Hey, Dogwood, What rain gear do you use, for the AT? Kevin

Nathan428
02-03-2019, 15:10
I'm thinking either the Patagonia, 22 oz total or the Montbell, 21 oz total.

Is the Patagonia truly 22 oz? Website says it's 12 oz. I thru-ed the AT with one and loved it. And Patagonia is great about repairs, and even has the buy back program if you're concerned about value/durability. I recently ordered a OR Helium II and am annoyed at the lack of pockets and pit zips...something I obviously knew was coming but thought I'd get over for the weight. I've since looked at the lightheart gear jacket and that looks very appealing. Not sure on durability.

Khike
02-03-2019, 16:04
Yes, Nathan, I'm talking jacket and pants, together, when I mention wgt. You say your's held up well. I hear that a lot and I hear stories of different brands failing, rather quickly. But, I am taking what you said, under advisement. Thanks, kevin

Dogwood
02-03-2019, 17:12
Hey, Dogwood, What rain gear do you use, for the AT? Kevin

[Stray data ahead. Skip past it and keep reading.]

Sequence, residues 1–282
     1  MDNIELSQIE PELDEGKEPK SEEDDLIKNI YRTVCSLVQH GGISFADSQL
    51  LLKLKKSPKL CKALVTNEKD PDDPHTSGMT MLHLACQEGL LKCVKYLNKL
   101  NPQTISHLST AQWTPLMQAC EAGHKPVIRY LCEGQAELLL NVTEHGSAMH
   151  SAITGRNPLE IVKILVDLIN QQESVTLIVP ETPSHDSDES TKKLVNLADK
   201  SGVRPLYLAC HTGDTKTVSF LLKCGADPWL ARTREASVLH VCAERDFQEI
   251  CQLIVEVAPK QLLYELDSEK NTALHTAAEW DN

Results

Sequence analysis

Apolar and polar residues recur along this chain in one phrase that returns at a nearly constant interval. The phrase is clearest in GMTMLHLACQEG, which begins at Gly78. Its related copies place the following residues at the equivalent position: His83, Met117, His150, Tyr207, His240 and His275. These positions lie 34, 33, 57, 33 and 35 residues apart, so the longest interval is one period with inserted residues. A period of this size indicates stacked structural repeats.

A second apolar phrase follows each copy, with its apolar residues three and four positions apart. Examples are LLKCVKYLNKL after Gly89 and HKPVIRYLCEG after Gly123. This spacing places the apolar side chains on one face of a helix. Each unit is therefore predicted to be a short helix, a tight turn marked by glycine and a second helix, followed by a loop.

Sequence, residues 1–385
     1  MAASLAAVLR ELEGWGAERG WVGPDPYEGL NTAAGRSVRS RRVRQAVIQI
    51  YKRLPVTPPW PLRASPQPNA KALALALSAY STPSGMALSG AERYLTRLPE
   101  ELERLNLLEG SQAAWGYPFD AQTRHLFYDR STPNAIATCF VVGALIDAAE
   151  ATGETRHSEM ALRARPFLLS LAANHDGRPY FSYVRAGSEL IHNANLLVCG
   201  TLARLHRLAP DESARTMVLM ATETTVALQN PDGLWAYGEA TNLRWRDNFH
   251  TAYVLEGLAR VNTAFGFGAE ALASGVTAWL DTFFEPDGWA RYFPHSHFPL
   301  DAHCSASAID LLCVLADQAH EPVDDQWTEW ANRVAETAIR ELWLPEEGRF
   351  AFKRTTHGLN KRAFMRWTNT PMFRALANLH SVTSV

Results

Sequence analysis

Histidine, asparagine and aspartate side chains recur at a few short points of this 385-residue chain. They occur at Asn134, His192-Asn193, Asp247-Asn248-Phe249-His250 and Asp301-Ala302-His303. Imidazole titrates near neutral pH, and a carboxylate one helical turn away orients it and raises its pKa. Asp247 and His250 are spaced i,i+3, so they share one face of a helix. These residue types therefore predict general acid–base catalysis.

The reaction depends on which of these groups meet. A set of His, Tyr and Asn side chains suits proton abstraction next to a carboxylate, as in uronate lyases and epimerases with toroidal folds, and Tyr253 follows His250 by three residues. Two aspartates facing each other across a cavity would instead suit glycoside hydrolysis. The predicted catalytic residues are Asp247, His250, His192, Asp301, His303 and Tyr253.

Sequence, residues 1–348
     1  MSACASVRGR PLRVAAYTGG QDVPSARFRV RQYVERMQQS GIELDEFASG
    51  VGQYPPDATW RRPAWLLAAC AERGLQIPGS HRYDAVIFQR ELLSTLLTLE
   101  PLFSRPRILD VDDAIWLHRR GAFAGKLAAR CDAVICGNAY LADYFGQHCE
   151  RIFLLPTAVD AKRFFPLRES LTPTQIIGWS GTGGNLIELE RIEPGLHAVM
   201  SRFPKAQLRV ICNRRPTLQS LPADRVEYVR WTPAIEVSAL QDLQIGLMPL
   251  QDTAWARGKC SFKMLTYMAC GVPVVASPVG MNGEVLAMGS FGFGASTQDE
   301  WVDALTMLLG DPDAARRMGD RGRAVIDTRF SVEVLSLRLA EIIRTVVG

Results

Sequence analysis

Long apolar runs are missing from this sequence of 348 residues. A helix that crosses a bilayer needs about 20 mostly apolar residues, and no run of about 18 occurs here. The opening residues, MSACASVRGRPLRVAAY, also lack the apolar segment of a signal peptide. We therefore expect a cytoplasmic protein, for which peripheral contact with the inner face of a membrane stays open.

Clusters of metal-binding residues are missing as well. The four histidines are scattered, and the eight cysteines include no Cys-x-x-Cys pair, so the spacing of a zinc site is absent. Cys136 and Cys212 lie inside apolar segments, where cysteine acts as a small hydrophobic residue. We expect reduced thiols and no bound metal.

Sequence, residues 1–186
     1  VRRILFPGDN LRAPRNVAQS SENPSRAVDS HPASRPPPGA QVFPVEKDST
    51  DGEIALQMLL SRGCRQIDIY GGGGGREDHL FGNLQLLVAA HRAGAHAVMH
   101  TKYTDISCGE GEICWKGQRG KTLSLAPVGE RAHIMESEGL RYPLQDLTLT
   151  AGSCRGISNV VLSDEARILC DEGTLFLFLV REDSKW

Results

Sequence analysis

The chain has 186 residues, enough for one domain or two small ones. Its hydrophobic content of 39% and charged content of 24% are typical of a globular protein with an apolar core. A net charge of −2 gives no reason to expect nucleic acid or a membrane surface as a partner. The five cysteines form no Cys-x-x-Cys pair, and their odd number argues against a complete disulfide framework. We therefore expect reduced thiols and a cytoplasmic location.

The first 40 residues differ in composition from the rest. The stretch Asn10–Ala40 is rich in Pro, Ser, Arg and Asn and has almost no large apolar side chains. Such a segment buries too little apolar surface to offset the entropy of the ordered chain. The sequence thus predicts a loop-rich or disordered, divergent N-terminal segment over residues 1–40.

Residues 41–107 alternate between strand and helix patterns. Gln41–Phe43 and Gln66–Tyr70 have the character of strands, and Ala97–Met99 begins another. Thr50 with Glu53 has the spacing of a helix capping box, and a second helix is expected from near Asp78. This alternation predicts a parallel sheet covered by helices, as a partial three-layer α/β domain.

I tend towards being a .5 oz weenie. Previously, I mostly went with a 6.2 oz Marmot Mica, not the Super Mica or older Marmot Essence. I was having repeated membrane issues in about every other new set so eventually moved away to something more durable and reliable. The wt and feature set hooked me. Marmot Customer Service was great to work with replacing three of the Micas. I currently like a 6.4 oz 2017 version XL Montbell Versalite for the venting features, pit zips, velcro adjustable wrist cuffs, two way chest zip,(wish it had mesh through hand pockets though, 3x) or discontinued Zpacks Challenger version w/ pit zips for warmer periods when I'm going fast and light generating heat but still don't want to backpack completely soaked. For myself, backpacking consistently soaked for long durations is problematic. It's not just myself either. It's not always consistently 75* w/ no wind or exposure when it's raining! In winter or when consistently under 50* or so I go with a OR Helium II(a $60 beater, third one) or if going off trail on largely AT based hikes a 11 0z Arcteryx. I have three Arcteryx jackets. Disclosure: I get Arcteryx products and sometimes Montbell at a discount but still pay for them.